Symptoms of an aneurysm may include lightheadedness, fast heartbeat, severe pain in the head, sudden loss of consciousness, confusion, difficulty in swallowing, fatigue, headache, nausea, vomiting, pain in the abdomen, chest or back, swelling in the neck, and vision changes. The risk factors for this condition are smoking, hypertension, atherosclerosis, illicit drug use or drug abuse, infection, family history, bicuspid aortic valve, poor diet, and obesity.
Aneurysms can be diagnosed through family history, physical examination, X-ray, CT scan, CT or MRI angiography, and ultrasound. Furthermore, treatment options for aneurysm may include endovascular aneurysm repair (EVAR), open surgery, endovascular coiling, microvascular clipping, and catheter embolization.
What are the Similarities Between Aortic Dilation and Aneurysm?
- Aortic dilation and aneurysm are two medical conditions that affect the arteries in the body.
- Both conditions are due to the enlargement of arteries
- Aortic dilation can convert to an aneurysm if not managed properly.
- Both conditions can cause life-threatening complications.
- They can be diagnosed through medical or family history, physical examination, and imaging testing.
- They are mainly treated through respective surgeries.
What is the Difference Between Aortic Dilation and Aneurysm?
Aortic dilation is due to the enlargement of the first section of the aorta, where the aortic valve resides, while an aneurysm is due to the enlargement of arteries such as the aorta, cerebral arteries, or peripheral arteries. Thus, this is the key difference between aortic dilation and aneurysm. Furthermore, the dilation of the artery comparatively is smaller in aortic dilation, while the dilation of the artery comparatively is larger in aneurysms.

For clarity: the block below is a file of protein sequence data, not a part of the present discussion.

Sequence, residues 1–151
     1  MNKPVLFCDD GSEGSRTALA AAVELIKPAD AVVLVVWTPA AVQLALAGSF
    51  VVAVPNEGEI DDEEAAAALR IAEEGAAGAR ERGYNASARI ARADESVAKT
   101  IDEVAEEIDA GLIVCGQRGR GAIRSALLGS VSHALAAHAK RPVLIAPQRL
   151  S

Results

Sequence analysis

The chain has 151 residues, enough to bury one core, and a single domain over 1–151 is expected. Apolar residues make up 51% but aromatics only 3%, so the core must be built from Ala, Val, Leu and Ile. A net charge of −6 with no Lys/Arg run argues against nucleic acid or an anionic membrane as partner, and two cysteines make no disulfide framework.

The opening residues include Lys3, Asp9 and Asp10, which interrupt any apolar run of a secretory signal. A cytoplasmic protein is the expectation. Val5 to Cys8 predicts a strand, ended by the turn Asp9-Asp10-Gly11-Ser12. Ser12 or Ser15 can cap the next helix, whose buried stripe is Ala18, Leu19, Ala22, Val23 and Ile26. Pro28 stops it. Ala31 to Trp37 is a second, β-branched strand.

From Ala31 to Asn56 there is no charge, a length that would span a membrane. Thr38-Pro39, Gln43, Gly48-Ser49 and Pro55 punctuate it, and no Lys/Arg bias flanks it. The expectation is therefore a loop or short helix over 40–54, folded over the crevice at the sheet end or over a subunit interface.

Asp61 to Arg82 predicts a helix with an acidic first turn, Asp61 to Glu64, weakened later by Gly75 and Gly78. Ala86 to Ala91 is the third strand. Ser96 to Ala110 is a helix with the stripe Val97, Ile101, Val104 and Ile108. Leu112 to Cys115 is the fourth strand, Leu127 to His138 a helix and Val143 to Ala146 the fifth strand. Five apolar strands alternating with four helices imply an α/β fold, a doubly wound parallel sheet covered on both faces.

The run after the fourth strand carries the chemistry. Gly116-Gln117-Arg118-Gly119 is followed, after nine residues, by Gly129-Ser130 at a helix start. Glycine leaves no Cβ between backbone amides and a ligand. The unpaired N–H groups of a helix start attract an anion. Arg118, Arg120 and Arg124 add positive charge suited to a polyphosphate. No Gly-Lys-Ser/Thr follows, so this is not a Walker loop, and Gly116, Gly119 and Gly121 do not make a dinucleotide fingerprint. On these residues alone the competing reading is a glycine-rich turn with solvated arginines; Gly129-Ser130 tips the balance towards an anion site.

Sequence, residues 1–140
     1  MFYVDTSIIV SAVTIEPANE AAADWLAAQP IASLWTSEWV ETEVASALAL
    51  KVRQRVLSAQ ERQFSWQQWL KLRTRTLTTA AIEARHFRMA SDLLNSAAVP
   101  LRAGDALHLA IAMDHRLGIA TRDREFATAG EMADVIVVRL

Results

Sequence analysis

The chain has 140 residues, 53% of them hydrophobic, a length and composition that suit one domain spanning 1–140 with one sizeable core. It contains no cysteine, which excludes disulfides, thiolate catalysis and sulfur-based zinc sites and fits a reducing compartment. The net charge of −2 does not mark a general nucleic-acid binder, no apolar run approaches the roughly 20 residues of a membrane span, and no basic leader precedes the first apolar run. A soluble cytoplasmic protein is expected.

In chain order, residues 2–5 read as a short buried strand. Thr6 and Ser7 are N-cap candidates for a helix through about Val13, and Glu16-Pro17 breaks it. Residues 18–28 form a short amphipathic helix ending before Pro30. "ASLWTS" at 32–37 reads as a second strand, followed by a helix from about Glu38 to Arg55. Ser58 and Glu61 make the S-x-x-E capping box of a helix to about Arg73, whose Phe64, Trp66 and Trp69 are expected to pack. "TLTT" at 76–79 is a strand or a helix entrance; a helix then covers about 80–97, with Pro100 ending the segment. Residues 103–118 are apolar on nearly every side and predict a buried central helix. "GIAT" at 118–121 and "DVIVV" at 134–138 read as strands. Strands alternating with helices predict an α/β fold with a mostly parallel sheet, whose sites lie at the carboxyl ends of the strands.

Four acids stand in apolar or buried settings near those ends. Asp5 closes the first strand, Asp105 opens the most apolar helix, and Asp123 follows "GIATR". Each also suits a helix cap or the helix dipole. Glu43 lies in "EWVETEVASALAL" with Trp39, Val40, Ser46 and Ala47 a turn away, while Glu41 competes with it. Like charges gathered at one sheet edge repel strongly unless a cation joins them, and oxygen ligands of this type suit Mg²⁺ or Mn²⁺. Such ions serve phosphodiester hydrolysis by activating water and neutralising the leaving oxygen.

The infographic below presents the differences between aortic dilation and aneurysm in tabular form for side-by-side comparison.
Summary – Aortic Dilation vs Aneurysm
Aortic dilation and aneurysm are two associated medical conditions. This is because aortic dilation entails a high risk of aneurysm, dissection, or aortic rupture in the absence of surgical treatment. However, aortic dilation is a condition caused when the first section of the aorta, where the aortic valve resides, becomes enlarged. Aneurysm is a condition caused due to an abnormal swelling or bulge in the wall of arteries such as the aorta, cerebral arteries, or peripheral arteries. So, this summarizes the difference between aortic dilation and aneurysm.
1. Nataf, P, and E Lansac. “Dilation of the Thoracic Aorta: Medical and Surgical Management.” Heart (British Cardiac Society), Sept. 2006.
2. “Aneurysm: What It Is, Types, Symptoms, Diagnosis & Treatment.” Cleveland Clinic.
1. “Morbus Fabry aortic root dilatation 02” By Pr Olivier DUBOURG and Pr Dominique GERMAIN, University of Versailles – St Quentin en Yvelines (UVSQ), Versailles, France. – D. P. Germain: Fabry disease. In: Orphanet journal of rare diseases Vol. 5, 2010, 30, PMID 21092187. PMC 300961. (Review) (CC BY 2.0) via Commons Wikimedia
2. “Cerebral aneurysm” By Tiago Etiene Queiroz – Own work (CC BY-SA 3.0) via Commons Wikimedia